Prolonged androgen receptor loading onto chromatin and the efficient recruitment of p160 coactivators contribute to androgen-independent growth of prostate cancer cells

Department of Urology, University of California, Davis, School of Medicine, Sacramento, California 95817, USA.
The Prostate (Impact Factor: 3.57). 12/2008; 68(16):1816-26. DOI: 10.1002/pros.20849
Source: PubMed


Growth of most ablation-resistant prostate cancers (CaPs) is dependent on androgen receptor (AR) activity in chromatin, but cancer cells in these tumors have acquired altered AR activation. It is unclear how the aberrantly activated AR loads onto regulatory regions of AR-targeted genes. The purpose of this study was to assess the AR chromatin loading in an androgen-depleted environment.
The expression of PSA in androgen-resistant CaP cells was determined using RT-PCR and Western blot analysis. In order to investigate the binding of the AR to the PSA gene regulatory regions, chromatin immunoprecipitation (ChIP) was performed in the androgen-independent cds2 cell line in the presence or absence of androgens. In addition, we examined the involvement of p160 coactivators in the chromatin loading of the AR.
It was found that constitutive activation of PSA expression was the result of sustained occupancy by the AR at the regulatory region of this gene. This stable AR loading was not blocked by the AR antagonist bicalutamide. Furthermore, androgen-resistant CaP cells highly expressed both AR and the p160 coactivators and the AR was able to recruit TIF2. Downregulation of TIF2 using short hairpin RNA disrupted the AR loading to the PSA enhancer and subsequently inhibited AR activity.
Prolonged AR localization to the regulatory regions of AR targeted genes and the recruitment of p160 coactivators are a potential mechanism leading to androgen-independent activation of the AR. Disruption of AR chromatin loading could therefore become an important therapeutic target for this disease.

7 Reads
  • [Show abstract] [Hide abstract]
    ABSTRACT: Chromosomal aberrations involving genes encoding members of the p160/SRC transcriptional coactivator family such as AIB1/ACTR and TIF2 implicated the coactivators in malignancy of human cells. Significant progress has been made in the last decade toward uncovering their roles in the development and progression of solid tissue tumors as well as leukemia and understanding of the underlying molecular mechanisms. Here, we review their genetic aberrations and dysregulation in expression in breast cancer, prostate cancer, and other nonhormone-responsive cancers. The experimental evidence gathered from studies using cell culture and animal models strongly supports a critical and, in some circumstances, their oncogenic function. We summarize results that the SRCs may contribute to tumorigenesis and disease progression through transcription factors such as E2F, PEA3, and AP-1 and through an intimate control of signaling pathways of growth factors-Akt and the receptor tyrosine kinases. The finding that a recently identified nuclear receptor coregulator ANCCA, like the SRCs, is frequently overexpressed in many types of cancers again underscores their broader roles in cancer.
    Progress in molecular biology and translational science 01/2009; 87:261-98. DOI:10.1016/S1877-1173(09)87008-7 · 3.49 Impact Factor
  • [Show abstract] [Hide abstract]
    ABSTRACT: Sex steroids, through their receptors, have potent effects on the signal pathways involved in osteogenic or myogenic differentiation. However, a considerable segment of those signal pathways has a prominent role in epithelial neoplastic transformation. The capability to intervene locally has focused on specific ligands for the receptors. Nevertheless, many signals are mapped to interactions of steroid receptor motifs with heterologous regulatory proteins. Some of those proteins interact with the glucocorticoid receptor and other factors essential to cell fate. Interactions of steroid receptor domain motifs with heterologous proteins affect specific target pathways; consequently, manipulation of specified protein modules complexed with steroid receptors may be a next major step for enhancing molecular targeted therapeutics. In the future, intervention at specific sections of receptor primary sequence may prove therapeutically more efficient in targeting pathways of choice than ligand selectivity can be.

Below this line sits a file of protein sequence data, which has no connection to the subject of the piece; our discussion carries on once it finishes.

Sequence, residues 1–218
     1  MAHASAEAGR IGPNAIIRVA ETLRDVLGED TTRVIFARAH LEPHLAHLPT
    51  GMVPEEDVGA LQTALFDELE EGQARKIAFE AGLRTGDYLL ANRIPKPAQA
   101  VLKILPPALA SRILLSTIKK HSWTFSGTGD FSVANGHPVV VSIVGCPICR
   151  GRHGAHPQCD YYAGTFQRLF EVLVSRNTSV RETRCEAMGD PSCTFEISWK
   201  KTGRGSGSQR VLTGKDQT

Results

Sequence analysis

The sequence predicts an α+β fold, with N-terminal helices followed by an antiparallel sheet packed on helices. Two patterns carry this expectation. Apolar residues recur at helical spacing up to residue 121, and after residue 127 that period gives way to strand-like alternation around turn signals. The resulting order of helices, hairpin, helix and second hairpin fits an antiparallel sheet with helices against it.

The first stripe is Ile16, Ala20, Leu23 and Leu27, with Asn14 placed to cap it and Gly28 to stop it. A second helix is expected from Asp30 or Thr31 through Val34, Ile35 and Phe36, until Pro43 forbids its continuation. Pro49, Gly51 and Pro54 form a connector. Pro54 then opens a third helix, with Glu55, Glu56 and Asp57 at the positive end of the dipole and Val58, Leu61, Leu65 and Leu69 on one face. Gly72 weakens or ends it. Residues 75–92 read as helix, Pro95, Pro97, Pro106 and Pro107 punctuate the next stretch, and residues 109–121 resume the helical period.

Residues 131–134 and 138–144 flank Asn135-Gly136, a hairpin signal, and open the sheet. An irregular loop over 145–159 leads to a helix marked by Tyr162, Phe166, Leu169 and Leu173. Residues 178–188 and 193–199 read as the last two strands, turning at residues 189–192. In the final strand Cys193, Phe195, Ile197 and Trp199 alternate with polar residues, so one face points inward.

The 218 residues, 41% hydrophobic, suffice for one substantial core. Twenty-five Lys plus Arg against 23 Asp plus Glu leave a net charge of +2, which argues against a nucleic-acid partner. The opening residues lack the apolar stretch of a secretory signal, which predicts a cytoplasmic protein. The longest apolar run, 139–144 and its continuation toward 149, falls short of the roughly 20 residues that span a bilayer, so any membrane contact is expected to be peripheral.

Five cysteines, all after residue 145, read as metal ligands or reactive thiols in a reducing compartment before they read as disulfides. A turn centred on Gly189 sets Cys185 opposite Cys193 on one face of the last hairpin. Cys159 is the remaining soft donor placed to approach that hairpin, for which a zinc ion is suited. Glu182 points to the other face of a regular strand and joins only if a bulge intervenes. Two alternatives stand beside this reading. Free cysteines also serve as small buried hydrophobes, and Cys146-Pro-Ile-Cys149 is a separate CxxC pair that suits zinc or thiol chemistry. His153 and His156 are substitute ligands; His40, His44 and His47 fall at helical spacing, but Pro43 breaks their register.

BioEssays 06/2009; 31(6):629-41. DOI:10.1002/bies.200800138 · 4.73 Impact Factor
  • [Show abstract] [Hide abstract]
    ABSTRACT: There are currently few successful therapies for castration-resistant prostate cancer (CRPC). CRPC is thought to result from augmented activation of the androgen/androgen receptor (AR) signaling pathway, which could be enhanced by AR cofactors. In this study, peroxisome proliferator-activated receptor gamma coactivator-1alpha (PGC-1alpha) was found to be an AR cofactor. PGC-1alpha interacted with the N-terminal domain of AR, was involved in the N- and C-terminal interaction of AR, and enhanced the DNA-binding ability of AR to androgen-responsive elements in the prostate-specific antigen enhancer and promoter regions to increase the transcription of AR target genes. Silencing of PGC-1alpha suppressed cell growth of AR-expressing prostate cancer (PCa) cells by inducing cell-cycle arrest at the G(1) phase, similar to inhibition of androgen/AR signaling. Furthermore, PGC-1alpha knock-down also suppressed cell growth in the castration-resistant LNCaP-derivatives. These findings indicate that PGC-1alpha is involved in the proliferation of AR-expressing PCa cells by acting as an AR coactivator. Modulation of PGC-1alpha expression or function may offer a useful strategy for developing novel therapeutics for PCa, including CRPC, which depends on AR signaling by overexpressing AR and its coactivators.
    Molecular Endocrinology 01/2010; 24(1):114-127. DOI:10.1210/me.2009-0302 · 4.02 Impact Factor
Show more